Right around the time you see offensive linemen running 40 yards downfield for the first and last times of their NFL careers, it's reasonable to wonder whether the NFL scouting combine is really just a big waste of time -- an excuse for NFL teams to spend hours trying to figure out whether a player's bubble (read: posterior) is too big or his hands are too small, or that he doesn't run patterns well against a set of orange cones.
So then, is the combine worthless? Is it safe to throw out all the data and just look at how a player performed on Saturdays against inferior competition? No one has bothered to actually go back and check whether what happens at the combine bears any relationship to NFL performance -- besides Football Outsiders, that is.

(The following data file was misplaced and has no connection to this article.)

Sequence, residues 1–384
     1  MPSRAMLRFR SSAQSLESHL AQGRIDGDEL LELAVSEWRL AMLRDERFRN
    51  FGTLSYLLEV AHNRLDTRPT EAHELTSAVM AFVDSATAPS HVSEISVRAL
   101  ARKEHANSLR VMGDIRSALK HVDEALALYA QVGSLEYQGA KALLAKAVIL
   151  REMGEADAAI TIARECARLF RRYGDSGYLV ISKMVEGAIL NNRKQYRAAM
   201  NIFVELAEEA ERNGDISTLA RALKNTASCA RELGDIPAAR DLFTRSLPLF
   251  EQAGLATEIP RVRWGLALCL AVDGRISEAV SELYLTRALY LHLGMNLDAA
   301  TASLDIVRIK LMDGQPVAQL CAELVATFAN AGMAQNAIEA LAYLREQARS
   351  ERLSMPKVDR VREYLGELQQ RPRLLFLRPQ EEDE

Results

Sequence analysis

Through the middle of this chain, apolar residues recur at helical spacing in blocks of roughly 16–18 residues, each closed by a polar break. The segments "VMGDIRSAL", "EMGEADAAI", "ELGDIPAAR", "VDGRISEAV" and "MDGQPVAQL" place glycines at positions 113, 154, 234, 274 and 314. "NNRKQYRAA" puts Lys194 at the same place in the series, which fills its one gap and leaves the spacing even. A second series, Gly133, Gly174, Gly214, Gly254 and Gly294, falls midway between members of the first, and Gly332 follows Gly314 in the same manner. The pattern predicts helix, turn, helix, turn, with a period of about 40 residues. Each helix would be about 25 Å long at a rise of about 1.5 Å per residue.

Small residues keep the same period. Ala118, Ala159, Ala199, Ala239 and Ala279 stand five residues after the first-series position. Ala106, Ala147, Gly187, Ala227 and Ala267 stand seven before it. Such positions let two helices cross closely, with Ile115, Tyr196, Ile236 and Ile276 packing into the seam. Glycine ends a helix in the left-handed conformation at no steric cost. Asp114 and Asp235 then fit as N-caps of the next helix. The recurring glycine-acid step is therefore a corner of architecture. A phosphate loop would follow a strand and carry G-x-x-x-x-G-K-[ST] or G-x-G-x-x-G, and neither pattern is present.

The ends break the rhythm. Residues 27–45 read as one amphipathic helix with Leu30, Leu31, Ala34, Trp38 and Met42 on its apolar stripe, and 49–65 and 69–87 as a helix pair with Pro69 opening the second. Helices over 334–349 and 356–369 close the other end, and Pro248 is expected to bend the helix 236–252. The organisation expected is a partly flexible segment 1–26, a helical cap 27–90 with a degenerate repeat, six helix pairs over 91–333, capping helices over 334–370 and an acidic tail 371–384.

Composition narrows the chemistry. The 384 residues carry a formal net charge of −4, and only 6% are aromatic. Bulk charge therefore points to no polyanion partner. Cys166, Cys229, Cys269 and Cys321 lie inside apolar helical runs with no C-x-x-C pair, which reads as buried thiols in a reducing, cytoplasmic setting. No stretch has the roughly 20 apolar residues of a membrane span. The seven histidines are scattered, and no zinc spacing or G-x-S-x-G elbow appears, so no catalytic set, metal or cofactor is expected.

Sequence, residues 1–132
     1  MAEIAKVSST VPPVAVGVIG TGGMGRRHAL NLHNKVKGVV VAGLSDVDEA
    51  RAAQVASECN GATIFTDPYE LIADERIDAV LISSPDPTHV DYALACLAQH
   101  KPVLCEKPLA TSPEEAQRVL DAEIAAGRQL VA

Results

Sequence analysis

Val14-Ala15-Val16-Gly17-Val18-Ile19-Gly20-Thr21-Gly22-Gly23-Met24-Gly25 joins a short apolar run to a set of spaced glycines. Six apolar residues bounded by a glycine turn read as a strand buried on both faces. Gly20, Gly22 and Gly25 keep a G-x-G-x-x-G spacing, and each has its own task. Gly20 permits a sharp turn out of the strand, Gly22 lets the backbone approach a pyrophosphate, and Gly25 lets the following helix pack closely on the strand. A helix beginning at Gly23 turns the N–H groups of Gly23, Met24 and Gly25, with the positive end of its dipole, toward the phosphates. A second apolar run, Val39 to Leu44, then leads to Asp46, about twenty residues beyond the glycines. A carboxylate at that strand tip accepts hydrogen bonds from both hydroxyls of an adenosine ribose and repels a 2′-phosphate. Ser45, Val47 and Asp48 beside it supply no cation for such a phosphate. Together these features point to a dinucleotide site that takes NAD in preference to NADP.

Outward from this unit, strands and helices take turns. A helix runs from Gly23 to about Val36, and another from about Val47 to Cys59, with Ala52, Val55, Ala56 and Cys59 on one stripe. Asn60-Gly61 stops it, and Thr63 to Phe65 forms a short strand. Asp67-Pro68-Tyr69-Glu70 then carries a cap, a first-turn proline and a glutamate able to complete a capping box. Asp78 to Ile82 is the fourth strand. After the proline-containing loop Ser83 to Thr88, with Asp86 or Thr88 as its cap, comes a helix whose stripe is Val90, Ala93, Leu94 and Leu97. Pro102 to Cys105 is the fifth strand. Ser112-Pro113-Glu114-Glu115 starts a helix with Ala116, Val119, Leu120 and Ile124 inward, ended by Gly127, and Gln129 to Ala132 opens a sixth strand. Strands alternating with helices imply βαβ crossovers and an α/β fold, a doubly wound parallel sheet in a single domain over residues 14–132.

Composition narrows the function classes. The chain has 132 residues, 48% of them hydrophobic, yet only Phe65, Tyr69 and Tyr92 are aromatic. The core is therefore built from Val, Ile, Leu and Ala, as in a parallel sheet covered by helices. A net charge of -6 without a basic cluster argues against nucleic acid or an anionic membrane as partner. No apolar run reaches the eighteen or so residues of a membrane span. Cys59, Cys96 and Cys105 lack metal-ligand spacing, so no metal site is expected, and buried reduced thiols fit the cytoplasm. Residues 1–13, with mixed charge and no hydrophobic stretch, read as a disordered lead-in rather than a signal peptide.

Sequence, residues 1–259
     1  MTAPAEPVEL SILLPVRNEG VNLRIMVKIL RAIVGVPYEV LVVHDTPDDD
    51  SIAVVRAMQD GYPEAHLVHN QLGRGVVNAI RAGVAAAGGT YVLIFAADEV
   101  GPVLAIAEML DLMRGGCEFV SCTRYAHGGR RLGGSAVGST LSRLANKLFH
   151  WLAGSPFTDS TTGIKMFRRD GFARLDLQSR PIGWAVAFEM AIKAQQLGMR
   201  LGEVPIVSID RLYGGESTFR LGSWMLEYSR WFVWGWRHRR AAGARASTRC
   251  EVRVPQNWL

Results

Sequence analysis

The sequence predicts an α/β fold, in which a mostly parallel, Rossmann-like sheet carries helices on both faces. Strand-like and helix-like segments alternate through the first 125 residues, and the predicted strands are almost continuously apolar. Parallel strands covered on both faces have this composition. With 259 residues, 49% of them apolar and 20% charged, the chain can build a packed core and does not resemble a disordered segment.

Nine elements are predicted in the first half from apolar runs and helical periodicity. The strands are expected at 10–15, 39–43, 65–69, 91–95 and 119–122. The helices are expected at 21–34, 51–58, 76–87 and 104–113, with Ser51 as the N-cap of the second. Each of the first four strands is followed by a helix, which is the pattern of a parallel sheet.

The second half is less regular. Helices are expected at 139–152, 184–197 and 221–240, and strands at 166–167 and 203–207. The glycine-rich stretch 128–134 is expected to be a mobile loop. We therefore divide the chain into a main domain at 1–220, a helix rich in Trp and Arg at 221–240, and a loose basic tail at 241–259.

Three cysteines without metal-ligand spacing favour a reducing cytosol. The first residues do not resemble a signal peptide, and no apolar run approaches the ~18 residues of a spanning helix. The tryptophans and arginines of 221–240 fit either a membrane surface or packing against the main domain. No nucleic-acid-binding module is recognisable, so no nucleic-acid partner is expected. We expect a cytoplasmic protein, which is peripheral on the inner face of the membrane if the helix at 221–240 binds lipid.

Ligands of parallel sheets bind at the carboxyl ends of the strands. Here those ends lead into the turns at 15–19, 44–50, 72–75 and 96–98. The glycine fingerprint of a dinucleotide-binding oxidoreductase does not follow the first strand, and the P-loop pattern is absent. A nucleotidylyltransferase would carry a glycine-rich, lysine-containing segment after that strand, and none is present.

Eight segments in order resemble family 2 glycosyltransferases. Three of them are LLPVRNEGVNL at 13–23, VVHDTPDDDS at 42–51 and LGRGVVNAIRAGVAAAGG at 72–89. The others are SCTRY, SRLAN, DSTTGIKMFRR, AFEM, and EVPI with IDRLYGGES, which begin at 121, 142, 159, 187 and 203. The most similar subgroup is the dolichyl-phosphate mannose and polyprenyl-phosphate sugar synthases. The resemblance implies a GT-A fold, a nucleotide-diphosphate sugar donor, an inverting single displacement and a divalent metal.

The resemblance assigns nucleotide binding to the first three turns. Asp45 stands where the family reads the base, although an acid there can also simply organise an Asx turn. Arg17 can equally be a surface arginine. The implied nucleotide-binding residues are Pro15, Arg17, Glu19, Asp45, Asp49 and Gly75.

The answer is that, well, it depends on the position and the player. One place where a bit of combine data can actually go a long way in predicting a player's viability in the NFL is at running back, where we've come up with a metric known as "speed score."